In looking at Susan’s protocol, it appears that she worked very slowly. She managed to divide 45
words on the form, but made 10 errors. Her descriptive rating indicated that she fell within the below
average range.
Reading Fluency: Given a 1 minute grade level passage, Susan read 25 words correctly with 11
errors. This is significantly below the 10th percentile according to winter norms. Susan’s current
reading fluency difficulties impacts her mastery of reading standards and access and participation in
content instruction that requires reading.
Date Administered: 01/30/2014
* EXCEPTIONAL YES/NO (REQUIRED): Yes
Age Equiv.: 70
Grade Equiv.: 2.0
Percentile Rank: 13
Std. Score: 83
41
PLEP-Associated Deficit in Reading
Subtest: Basic Reading
Letter Sound Fluency: Given a 1 minute letter sound fluency assessment,
Susan accurately sounded 42 letters. This represents the 45th percentile.
Word Identification Fluency: Given a 1 minute grade level passage, Susan
read 25 words correctly with 11 errors. This is significantly below the 10th
percentile according to winter norms. Susan’s current reading fluency
difficulties impacts her mastery of reading standards and access and
participation in content instruction that requires reading.
Date Administered: 01/30/2014
* EXCEPTIONAL YES/NO (REQUIRED): Yes
42
Example Present Levels of Educational Performance
(PLEP)
 After you view PLEPS consider these questions:
• Do you know in which area(s) the student is exceptional?
•
•
•
•
Marked Yes
Do you know in which area(s) the student requires intervention?
Do you know where to begin instruction/intervention?
Do you know how the area of exceptionality is aligned to the
standards?
Do you know how the area of deficit will impact the student on
the Mastery of standards?
– Ex. Reading fluency deficit will impact student throughout core instruction in
all content areas.
– Ex. Math Calculation deficit will impact student in content area(s) related to
math.
Aligning exceptional PLEP (deficit area) with core
instruction (standards)
Alignment of core instruction with area of deficit-Susan
significantly struggles in the area of pre-reading and reading skills.
Susan’s reading deficits will impact her mastery of standards,
specifically standards that include reading and reading
comprehension.
Other Examples:
 Reading fluency deficit will impact student throughout core
instruction in all content areas.
 Ex. Math Calculation deficit will impact student in content area(s)
related to math.
44
Measurable Annual Goal
Progress Monitoring
(Data)
Accommodation
Special Education Intervention
Measurable
Annual Goal
(MAG)
Core
Instruction
Transition
Narratives: Strengths,
Concerns, Adverse
Impact
Present Levels of
Educational Performance
(PLEP)
45
Measurable Annual Goal
Present Level of
Educational
Performance
(PLEP)
MAG is linked to Present Levels of Educational Performance
Measurable Annual
Goal
(MAG)
46
MAG Summary
Individual needs are the basis for a student’s goal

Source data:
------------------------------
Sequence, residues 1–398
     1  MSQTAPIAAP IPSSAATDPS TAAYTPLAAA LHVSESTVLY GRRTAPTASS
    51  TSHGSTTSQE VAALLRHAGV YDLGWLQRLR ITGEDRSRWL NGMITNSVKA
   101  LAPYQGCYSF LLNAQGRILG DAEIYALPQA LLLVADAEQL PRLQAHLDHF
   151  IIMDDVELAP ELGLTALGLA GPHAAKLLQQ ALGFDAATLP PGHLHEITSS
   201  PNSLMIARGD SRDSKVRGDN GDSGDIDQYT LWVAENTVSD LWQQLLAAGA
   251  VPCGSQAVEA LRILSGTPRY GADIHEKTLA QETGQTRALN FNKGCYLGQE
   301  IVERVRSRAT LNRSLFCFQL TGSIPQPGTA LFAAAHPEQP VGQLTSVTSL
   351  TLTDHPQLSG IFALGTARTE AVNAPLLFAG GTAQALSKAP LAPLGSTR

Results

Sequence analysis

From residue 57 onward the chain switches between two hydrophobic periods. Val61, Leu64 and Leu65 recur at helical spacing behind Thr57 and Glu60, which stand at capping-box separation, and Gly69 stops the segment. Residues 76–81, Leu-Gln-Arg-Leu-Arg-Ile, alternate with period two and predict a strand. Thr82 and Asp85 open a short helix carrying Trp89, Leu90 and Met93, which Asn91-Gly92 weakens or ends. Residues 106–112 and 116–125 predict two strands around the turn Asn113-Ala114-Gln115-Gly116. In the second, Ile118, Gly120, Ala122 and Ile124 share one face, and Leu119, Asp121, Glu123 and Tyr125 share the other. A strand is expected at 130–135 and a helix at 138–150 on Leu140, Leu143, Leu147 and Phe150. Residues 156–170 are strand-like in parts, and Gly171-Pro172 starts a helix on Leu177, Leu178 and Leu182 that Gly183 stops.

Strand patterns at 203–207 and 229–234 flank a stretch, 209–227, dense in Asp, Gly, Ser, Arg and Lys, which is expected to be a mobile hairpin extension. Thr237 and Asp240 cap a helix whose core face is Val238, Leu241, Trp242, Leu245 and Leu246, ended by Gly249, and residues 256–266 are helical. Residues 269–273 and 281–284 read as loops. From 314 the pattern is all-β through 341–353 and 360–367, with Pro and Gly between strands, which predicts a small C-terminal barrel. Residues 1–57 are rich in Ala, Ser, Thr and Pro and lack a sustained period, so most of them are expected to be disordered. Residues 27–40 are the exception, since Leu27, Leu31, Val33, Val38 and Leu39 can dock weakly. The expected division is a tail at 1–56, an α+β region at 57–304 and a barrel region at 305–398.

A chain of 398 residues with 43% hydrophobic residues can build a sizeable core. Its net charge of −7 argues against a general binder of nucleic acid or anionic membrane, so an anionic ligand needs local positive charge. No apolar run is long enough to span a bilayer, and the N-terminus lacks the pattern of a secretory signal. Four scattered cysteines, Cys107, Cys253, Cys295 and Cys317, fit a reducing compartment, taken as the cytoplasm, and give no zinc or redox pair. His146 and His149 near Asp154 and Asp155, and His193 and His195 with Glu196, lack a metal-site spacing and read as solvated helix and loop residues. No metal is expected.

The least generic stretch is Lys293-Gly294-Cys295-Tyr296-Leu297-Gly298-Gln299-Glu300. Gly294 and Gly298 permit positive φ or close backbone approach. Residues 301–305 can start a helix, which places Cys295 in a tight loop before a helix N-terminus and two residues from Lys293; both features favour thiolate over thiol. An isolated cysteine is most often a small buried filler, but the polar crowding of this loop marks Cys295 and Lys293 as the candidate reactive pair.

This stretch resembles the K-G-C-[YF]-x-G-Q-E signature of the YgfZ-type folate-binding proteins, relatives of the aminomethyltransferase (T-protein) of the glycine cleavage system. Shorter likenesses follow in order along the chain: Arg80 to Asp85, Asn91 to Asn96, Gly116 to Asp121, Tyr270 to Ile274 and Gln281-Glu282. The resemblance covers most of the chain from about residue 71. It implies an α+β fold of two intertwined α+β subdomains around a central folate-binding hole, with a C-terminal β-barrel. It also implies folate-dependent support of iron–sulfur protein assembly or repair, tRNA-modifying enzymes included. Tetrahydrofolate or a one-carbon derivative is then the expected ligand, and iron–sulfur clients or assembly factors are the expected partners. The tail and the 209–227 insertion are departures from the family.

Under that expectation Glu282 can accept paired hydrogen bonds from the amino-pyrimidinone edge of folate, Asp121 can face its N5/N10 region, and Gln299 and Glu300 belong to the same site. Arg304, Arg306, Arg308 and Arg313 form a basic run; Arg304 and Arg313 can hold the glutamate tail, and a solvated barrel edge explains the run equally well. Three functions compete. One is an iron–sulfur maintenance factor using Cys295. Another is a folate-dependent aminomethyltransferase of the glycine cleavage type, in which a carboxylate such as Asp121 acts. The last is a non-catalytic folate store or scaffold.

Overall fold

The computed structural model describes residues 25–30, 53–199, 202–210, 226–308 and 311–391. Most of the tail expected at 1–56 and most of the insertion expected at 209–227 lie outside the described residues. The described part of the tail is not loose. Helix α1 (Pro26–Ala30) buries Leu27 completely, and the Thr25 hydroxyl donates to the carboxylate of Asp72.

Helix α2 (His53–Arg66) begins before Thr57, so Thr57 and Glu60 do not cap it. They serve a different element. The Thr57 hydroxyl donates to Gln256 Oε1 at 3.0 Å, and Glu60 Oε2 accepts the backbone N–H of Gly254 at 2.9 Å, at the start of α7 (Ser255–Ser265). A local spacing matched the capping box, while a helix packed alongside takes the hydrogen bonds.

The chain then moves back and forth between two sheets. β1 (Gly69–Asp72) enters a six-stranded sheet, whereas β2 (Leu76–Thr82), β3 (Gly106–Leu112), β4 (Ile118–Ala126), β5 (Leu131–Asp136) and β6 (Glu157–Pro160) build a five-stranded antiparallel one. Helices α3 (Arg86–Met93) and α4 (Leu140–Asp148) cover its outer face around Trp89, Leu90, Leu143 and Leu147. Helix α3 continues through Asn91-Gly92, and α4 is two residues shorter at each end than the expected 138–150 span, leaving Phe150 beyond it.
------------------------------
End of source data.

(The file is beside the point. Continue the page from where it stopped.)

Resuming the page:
Directly linked to the exceptional area(s) of the PLEP
Measurable and very specific
Numbers must be included in the goal
• Rate of improvement may be used to set academic goals
 Must meet the student’s needs that result from the disability to
enable the student to be involved and make progress in the general
curriculum
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47
Ask Yourself?
 “What prerequisite skills/knowledge does the student need to close
the gap between his/her present levels of academic achievement
and the grade-level standards?” www.pattan.net
 “What skills are required to demonstrate proficiency on assessed
state indicators? What are the prerequisite skills required for
mastery?” http://www.ksde.org
48
www.pattan.net
http://www.ksde.org
Measurable Annual Goal (MAG) Template:
 Given_______(condition/materials/setting/accommodation),
_______(student name) will _______(do what measurable/
observable skill/behavior in functional terms), _____(to what
extent/how well to determine mastery), ________(# of
times/frequency/how consistently), by ________(how often)
evaluated/determined by _____(measure)
www.pattan.net
http://www.ksde.org
50
Goal setting with CBM data
 Step One: Determine Typical Rate of Improvement (ROI)
(_____________
Spring benchmark
expectation
-
_____________)
Fall benchmark
expectation
/
______36_______
Number of weeks
=
___________
Typical ROI (slope)
51
Let’s Practice!
Measure
Words Read Correct (WRC)
Fall Benchmark Expectation
60 WRC
Spring Benchmark Expectation
100 WRC
52
Goal setting with CBM data
 Step One: Determine Typical Rate of Improvement (ROI)
(___100______
Spring benchmark
expectation
-
_____60______)
Fall benchmark
expectation
/
______36_______
Number of weeks
=
___1.11______
Typical ROI (slope)
53
Goal Setting with CBM data
 Step Two: Determine Goal Rate of Improvement (ROI)
_________
x
_____2_____
=
Typical ROI
_____________
Aggressive ROI
OR
___________
Typical ROI
x
______1.5_______
=
_____________
Reasonable ROI
54
Let’s Practice!
 Step Two: Determine Goal Rate of Improvement (ROI)
___1.11______
x
_____2_____
=
Typical ROI
____2.22_________
Aggressive ROI
OR
____1.11_______
Typical ROI
x
______1.5_______
=
____1.67_________
Reasonable ROI